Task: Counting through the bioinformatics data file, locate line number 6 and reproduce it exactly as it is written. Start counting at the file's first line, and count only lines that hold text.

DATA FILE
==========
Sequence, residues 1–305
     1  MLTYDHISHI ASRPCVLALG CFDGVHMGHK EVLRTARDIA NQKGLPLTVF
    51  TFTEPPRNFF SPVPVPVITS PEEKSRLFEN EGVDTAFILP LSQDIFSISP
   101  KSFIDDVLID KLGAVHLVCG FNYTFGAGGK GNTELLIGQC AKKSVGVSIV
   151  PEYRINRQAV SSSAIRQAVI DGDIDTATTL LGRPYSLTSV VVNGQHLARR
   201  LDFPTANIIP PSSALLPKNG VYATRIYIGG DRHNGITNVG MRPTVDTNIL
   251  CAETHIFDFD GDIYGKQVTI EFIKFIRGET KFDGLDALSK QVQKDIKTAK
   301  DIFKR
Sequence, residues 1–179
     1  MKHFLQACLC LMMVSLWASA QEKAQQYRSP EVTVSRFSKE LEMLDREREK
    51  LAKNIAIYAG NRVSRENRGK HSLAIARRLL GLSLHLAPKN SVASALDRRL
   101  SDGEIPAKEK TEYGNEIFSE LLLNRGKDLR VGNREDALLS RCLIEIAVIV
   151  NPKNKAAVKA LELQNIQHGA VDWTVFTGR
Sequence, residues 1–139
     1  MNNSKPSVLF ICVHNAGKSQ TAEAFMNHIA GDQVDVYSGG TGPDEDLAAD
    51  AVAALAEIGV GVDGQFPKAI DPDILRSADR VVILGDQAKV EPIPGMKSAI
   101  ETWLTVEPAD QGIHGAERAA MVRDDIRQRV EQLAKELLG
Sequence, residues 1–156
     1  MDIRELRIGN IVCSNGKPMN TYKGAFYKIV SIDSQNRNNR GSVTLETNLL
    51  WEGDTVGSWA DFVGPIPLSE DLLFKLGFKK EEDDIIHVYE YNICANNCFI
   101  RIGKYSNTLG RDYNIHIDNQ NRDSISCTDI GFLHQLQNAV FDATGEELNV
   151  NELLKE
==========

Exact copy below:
   201  LDFPTANIIP PSSALLPKNG VYATRIYIGG DRHNGITNVG MRPTVDTNIL